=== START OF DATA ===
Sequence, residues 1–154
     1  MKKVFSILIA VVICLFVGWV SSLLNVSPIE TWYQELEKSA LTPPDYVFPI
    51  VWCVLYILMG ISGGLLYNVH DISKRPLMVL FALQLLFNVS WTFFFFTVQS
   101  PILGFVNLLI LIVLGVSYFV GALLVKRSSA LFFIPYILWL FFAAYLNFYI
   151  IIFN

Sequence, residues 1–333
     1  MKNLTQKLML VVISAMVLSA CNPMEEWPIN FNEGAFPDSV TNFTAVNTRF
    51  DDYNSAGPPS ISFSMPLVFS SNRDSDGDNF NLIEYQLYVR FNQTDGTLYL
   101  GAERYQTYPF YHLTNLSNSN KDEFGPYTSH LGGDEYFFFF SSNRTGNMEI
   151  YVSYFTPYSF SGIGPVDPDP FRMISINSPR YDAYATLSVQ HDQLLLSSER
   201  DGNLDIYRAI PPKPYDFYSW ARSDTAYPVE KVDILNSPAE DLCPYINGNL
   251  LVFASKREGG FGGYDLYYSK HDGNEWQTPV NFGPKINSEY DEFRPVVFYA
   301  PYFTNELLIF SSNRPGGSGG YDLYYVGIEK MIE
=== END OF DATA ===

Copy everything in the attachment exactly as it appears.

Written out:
Sequence, residues 1–154
     1  MKKVFSILIA VVICLFVGWV SSLLNVSPIE TWYQELEKSA LTPPDYVFPI
    51  VWCVLYILMG ISGGLLYNVH DISKRPLMVL FALQLLFNVS WTFFFFTVQS
   101  PILGFVNLLI LIVLGVSYFV GALLVKRSSA LFFIPYILWL FFAAYLNFYI
   151  IIFN

Sequence, residues 1–333
     1  MKNLTQKLML VVISAMVLSA CNPMEEWPIN FNEGAFPDSV TNFTAVNTRF
    51  DDYNSAGPPS ISFSMPLVFS SNRDSDGDNF NLIEYQLYVR FNQTDGTLYL
   101  GAERYQTYPF YHLTNLSNSN KDEFGPYTSH LGGDEYFFFF SSNRTGNMEI
   151  YVSYFTPYSF SGIGPVDPDP FRMISINSPR YDAYATLSVQ HDQLLLSSER
   201  DGNLDIYRAI PPKPYDFYSW ARSDTAYPVE KVDILNSPAE DLCPYINGNL
   251  LVFASKREGG FGGYDLYYSK HDGNEWQTPV NFGPKINSEY DEFRPVVFYA
   301  PYFTNELLIF SSNRPGGSGG YDLYYVGIEK MIE